I believe the exact opposite. Humans evolved over 2.5 million years to perform a wide range of physical activities. We are fully capable of a lot more than we think we are. He refers to a activities as aerobics and roller-blading as having “an almost harrowing amount of risk“. Really? I agree that aerobics are ineffective, but I remain unconvinced that are bodies need to be babied in a super controlled exercise method or we break down. In the exercise myth chapter, he trashes just about every physical activity as being either ineffective or injury prone. He goes as far to state that basketball isn’t really exercise, because it doesn’t make you stronger. Pure nonsense.

Now for the positive side. This book does have a weight lifting plan that stresses heavier weights and low reps. The slow movements are all done on machines for safety. The exercises and plan is a better starting point for gym newbies than the high-rep unsafe exercises I see personal trainers peddling these days. You can do the Super-Slow workout on your own. I also agree with his stance against cardio, but for mostly different reasons.

For me this book failed to make the case that slow motion weight lifting is superior to normal or explosive lifting. Mathew Perryman in the book Maximum Muscle picks apart the failed logic that regular speed weightlifting doesn’t create the same tension as slow motion (page 94). But, I’m still keeping an open mind. I plan to read Body By Science by Doug McGuff soon. McGuff is respected in the evolutionary fitness community and is also a slow motion proponent, so it should be interesting.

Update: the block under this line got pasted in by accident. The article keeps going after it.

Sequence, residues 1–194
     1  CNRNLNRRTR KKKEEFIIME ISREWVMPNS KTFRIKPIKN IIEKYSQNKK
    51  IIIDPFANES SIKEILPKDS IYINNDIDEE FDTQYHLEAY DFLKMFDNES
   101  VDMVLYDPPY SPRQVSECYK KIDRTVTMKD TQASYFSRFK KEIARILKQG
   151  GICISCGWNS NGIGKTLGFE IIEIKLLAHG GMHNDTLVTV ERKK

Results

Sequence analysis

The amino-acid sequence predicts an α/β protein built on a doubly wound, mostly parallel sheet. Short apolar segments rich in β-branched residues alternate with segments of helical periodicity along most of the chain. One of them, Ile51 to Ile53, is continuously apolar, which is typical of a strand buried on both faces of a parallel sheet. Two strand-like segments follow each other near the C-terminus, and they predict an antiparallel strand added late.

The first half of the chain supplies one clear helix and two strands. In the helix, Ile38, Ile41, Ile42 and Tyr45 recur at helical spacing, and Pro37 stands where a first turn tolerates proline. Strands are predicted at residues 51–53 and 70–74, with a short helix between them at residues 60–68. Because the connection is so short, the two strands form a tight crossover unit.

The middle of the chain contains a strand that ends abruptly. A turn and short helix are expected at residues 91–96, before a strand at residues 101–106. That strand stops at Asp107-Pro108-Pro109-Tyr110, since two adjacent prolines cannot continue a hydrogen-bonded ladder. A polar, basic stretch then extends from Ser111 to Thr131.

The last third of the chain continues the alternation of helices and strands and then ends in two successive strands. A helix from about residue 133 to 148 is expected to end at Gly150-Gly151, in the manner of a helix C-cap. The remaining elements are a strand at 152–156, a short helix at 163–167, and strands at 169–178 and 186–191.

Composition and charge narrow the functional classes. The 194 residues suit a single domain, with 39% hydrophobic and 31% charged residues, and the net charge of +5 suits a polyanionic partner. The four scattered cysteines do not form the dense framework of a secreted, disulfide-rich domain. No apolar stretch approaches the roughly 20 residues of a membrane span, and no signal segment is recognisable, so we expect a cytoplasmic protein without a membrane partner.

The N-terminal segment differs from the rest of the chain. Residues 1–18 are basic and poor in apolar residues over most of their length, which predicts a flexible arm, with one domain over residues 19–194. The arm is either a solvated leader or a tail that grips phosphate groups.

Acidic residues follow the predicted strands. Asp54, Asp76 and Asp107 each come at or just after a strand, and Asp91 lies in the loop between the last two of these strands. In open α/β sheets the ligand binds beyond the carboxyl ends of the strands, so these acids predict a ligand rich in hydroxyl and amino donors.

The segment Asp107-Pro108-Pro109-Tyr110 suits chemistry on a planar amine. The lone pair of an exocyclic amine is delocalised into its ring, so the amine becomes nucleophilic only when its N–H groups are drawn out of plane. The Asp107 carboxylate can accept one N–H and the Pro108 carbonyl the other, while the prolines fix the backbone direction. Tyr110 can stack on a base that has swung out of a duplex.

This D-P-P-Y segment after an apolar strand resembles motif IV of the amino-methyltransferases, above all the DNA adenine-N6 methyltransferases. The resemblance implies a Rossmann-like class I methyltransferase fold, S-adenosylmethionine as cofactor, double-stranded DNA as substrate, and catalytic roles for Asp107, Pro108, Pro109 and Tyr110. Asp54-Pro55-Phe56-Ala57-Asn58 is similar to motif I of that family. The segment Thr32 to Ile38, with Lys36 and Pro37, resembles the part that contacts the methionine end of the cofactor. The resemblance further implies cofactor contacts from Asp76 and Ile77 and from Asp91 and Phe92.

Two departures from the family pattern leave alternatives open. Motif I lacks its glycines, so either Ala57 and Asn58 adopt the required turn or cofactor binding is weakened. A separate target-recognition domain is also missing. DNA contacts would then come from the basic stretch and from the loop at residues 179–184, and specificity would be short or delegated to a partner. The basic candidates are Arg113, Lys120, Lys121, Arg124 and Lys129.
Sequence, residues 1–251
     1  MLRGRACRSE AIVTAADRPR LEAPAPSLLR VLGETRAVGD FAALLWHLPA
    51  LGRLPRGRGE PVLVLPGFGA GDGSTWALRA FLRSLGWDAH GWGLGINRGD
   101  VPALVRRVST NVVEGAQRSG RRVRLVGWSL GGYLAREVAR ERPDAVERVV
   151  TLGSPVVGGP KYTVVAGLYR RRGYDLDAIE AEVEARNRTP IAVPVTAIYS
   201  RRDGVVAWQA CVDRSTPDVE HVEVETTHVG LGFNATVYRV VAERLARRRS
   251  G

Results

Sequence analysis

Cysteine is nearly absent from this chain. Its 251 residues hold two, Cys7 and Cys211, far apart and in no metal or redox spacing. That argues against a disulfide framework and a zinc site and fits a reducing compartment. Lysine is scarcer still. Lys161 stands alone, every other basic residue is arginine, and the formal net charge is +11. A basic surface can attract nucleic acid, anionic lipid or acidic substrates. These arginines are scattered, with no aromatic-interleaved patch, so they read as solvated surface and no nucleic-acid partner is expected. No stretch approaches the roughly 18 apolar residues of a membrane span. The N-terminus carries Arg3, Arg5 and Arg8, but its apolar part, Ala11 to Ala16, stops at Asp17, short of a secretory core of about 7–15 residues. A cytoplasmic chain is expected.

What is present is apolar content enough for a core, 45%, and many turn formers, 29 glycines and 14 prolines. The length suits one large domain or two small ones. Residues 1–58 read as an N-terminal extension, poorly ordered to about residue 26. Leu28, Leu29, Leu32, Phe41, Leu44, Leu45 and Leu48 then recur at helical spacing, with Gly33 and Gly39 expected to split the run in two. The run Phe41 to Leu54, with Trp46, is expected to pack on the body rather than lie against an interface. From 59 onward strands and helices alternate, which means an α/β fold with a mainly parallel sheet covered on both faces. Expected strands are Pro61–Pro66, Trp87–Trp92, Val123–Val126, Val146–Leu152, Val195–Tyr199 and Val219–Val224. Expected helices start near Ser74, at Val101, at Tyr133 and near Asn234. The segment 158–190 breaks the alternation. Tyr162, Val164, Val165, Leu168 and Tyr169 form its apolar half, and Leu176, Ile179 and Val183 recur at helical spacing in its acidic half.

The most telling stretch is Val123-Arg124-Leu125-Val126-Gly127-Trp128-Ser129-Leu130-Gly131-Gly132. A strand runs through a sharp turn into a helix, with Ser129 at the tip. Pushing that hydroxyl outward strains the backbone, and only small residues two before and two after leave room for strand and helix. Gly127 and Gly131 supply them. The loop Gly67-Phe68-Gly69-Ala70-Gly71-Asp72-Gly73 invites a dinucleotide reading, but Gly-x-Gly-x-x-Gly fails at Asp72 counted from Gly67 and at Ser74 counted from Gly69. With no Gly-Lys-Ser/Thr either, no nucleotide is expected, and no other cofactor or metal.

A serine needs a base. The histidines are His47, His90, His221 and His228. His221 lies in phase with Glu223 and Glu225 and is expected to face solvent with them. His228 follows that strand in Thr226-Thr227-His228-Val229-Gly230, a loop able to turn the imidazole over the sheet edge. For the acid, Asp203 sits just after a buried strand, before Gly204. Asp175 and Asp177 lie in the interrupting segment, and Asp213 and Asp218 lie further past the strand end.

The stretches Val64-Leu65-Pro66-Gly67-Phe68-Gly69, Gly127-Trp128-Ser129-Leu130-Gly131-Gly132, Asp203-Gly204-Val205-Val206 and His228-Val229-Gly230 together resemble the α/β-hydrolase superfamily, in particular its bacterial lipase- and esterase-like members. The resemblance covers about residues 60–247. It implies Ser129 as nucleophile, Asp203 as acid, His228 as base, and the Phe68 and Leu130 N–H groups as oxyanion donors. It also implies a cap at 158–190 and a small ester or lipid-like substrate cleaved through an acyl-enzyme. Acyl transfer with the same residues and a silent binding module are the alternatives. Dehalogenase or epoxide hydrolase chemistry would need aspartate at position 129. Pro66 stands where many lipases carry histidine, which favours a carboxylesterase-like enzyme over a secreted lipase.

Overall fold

UPDATE MARCH 2011: Since this post I have started training using a slow rep protocol. I’m enjoying it and think it has merit. It wasn’t this book that convinced me. It was the much better Body By Science by McGuff and Little. So a year later I can say that Hahn’s protocol has merit, I just didn’t find the writing held the voice of authority I needed. If a quick easy read on slow-training is what you want, read The Slow Burn Fitness Revolution. If you are more like me and want to understand the details better, read Body By Science.

3 thoughts on “I Wanted to “Slow” Burn This Book

  1. Paul Dutcher

    Sorry old chap – it worked for me, hundreds of thousands of lay people, movie stars, Brad Pitt used it for the movie Troy etc.

    You must be a trainer thats upset that people are wising up to the outdated three to four days of marathon volume training of the 70s.

  2. @Paul – I didn’t disagree with the slow training protocol. I just felt the author did a poor job explaining it and his thesis that humans are fragile, I believe, is false. If you read this site, you will know that I am close in opinion to the author on training volume. I am also anti-cardio too.

    However, Body By Science did a much better job explaining slow tempo training.

    I tried the slow tempo protocol and it mostly bored me.
    Is Slow Motion Weight Training Superior?